P-1: Leptosphaeria biglobosa inhibits production of secondary metabolite sirodesmin PL by L. maculans in planta


Abstract: Phoma stem canker is an economically damaging disease of oilseed rape (Brassica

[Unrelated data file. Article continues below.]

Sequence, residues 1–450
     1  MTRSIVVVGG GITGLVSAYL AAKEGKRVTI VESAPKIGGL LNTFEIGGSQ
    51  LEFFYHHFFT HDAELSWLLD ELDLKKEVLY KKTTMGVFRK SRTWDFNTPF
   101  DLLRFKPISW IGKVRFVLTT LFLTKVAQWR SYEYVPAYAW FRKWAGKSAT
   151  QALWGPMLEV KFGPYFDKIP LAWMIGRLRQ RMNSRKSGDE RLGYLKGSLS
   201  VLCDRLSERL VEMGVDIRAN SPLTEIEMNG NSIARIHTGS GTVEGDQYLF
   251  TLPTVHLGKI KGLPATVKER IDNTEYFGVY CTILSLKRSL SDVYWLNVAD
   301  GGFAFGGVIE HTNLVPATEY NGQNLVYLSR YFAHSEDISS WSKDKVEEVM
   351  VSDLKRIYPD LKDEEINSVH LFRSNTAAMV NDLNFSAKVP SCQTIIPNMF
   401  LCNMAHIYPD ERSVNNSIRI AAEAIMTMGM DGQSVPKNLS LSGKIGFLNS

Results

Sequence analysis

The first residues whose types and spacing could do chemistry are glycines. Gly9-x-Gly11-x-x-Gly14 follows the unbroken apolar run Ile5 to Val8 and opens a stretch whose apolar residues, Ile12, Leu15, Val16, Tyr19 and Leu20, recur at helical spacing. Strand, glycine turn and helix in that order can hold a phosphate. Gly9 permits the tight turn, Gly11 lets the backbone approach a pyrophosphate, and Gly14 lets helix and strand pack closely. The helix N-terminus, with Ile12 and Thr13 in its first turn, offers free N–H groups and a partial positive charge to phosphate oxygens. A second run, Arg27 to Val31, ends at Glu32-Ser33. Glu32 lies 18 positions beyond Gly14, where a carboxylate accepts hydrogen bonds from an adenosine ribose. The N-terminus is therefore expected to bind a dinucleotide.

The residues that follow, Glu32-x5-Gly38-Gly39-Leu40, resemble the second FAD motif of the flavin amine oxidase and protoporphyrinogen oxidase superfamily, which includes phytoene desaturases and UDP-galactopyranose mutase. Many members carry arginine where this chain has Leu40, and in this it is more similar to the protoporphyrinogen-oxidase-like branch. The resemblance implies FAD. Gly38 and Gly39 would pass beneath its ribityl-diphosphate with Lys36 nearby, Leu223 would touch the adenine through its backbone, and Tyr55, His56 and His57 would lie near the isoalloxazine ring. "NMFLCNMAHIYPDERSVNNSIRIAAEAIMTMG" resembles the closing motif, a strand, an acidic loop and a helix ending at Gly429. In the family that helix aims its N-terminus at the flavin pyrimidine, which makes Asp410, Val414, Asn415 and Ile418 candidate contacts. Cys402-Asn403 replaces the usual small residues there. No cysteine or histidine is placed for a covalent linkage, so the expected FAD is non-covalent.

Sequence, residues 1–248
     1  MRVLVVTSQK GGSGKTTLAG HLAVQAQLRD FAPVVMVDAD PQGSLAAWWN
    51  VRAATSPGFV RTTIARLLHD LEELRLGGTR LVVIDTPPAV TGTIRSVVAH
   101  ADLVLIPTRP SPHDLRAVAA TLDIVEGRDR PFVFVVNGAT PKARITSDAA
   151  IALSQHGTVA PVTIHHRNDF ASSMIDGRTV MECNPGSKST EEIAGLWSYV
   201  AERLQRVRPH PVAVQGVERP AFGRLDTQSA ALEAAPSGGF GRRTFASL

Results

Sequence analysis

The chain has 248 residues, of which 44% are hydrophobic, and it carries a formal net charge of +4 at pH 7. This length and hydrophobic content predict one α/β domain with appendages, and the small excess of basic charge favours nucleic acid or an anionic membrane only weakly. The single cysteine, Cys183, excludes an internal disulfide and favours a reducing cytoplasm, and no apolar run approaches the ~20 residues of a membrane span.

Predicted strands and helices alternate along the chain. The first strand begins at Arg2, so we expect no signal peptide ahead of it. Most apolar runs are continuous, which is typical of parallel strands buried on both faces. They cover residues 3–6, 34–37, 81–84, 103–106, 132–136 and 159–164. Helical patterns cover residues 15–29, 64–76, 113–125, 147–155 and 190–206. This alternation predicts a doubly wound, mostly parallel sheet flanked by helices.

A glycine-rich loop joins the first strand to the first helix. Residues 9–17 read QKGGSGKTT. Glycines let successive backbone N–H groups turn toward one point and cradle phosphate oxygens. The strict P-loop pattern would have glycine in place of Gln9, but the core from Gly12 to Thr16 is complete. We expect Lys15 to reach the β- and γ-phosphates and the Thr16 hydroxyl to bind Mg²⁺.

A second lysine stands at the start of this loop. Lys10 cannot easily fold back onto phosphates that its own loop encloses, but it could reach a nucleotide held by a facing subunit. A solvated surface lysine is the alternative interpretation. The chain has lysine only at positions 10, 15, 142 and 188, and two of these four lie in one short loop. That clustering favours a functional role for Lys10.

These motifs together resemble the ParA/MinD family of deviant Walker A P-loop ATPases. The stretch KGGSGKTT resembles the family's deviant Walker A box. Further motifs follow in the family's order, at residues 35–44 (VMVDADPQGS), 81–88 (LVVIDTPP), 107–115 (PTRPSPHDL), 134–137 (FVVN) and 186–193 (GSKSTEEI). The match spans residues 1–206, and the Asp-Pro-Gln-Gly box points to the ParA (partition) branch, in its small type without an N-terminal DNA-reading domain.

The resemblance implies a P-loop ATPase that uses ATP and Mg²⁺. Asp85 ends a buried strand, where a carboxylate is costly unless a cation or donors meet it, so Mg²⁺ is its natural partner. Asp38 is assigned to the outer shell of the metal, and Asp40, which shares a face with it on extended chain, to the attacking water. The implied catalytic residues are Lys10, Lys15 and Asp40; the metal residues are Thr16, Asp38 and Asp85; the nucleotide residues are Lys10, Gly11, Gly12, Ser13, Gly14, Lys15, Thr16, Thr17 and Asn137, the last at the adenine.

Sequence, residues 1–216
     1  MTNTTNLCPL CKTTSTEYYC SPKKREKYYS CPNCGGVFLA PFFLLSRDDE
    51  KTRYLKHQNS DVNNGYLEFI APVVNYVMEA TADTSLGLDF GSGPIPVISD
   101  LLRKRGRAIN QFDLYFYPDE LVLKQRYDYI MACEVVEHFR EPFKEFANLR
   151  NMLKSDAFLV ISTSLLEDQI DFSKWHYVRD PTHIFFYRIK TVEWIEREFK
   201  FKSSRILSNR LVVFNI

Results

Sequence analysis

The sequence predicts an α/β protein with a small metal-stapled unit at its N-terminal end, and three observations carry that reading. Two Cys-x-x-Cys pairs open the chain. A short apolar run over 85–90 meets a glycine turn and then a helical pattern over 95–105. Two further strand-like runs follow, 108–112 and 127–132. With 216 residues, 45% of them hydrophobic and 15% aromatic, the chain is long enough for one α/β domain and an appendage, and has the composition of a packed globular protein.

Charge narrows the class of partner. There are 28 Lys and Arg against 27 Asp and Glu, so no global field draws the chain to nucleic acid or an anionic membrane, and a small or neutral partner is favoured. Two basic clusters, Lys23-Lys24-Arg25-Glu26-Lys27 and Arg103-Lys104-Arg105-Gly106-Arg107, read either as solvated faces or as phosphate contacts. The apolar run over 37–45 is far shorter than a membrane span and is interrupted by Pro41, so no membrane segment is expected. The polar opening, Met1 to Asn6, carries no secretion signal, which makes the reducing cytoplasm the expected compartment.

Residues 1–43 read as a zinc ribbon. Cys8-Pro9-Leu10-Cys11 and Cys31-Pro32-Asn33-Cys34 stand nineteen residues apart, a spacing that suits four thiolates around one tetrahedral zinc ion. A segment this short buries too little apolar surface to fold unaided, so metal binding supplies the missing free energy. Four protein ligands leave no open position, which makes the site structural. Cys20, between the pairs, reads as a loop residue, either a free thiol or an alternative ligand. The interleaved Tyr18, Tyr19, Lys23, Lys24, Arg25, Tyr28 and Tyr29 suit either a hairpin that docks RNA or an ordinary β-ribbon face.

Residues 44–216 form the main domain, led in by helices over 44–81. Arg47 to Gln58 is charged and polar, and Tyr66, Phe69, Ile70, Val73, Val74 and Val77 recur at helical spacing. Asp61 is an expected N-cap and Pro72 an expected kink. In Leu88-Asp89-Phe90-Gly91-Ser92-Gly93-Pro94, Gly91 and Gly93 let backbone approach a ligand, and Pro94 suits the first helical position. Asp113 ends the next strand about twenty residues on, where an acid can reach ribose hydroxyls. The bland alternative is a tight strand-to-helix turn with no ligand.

napus) in the UK, caused by two co-existing fungal pathogens Leptosphaeria maculans and L. biglobosa. Interactions between these pathogens affect disease severity. L. maculans produces a non-host selective epipolythiodioxopiperazine (ETP) phytotoxin called sirodesmin PL, allowing the pathogen to have a competitive advantage over other pathogens. L. biglobosa does not produce sirodesmin PL. Results of our recent in vitro studies indicated that L. biglobosa could inhibit production of sirodesmin PL, if co-inoculated simultaneously. In this study, we aimed to determine whether this inhibition also occurred in planta. Cotyledons of oilseed rape cultivar Charger were inoculated with L. maculans only, L. biglobosa only, L. maculans and L. biglobosa simultaneously, and sterilised distilled water as a control. Lesion phenotypes were assessed, and secondary metabolites were extracted from lesions at 26 days post inoculation and analysed by HPLC and LC-MS. L. maculans only treatment had significantly larger lesions compared to all other treatments. Lesions from L. biglobosa only and L. maculans and L. biglobosa simultaneously treatments did not have significantly different sizes. Presence of sirodesmin PL was only detected in the L. maculans only treatment. These results indicate that L. biglobosa inhibits production of sirodesmin PL by L. maculans both in vitro and in planta if the pathogens are co-inoculated simultaneously. There is a need to further investigate the mechanisms of this inhibition by L. biglobosa. Understanding interactions between L. maculans and L. biglobosa can provide new strategies for effective phoma stem canker control, alongside resistant cultivars and fungicide applications.

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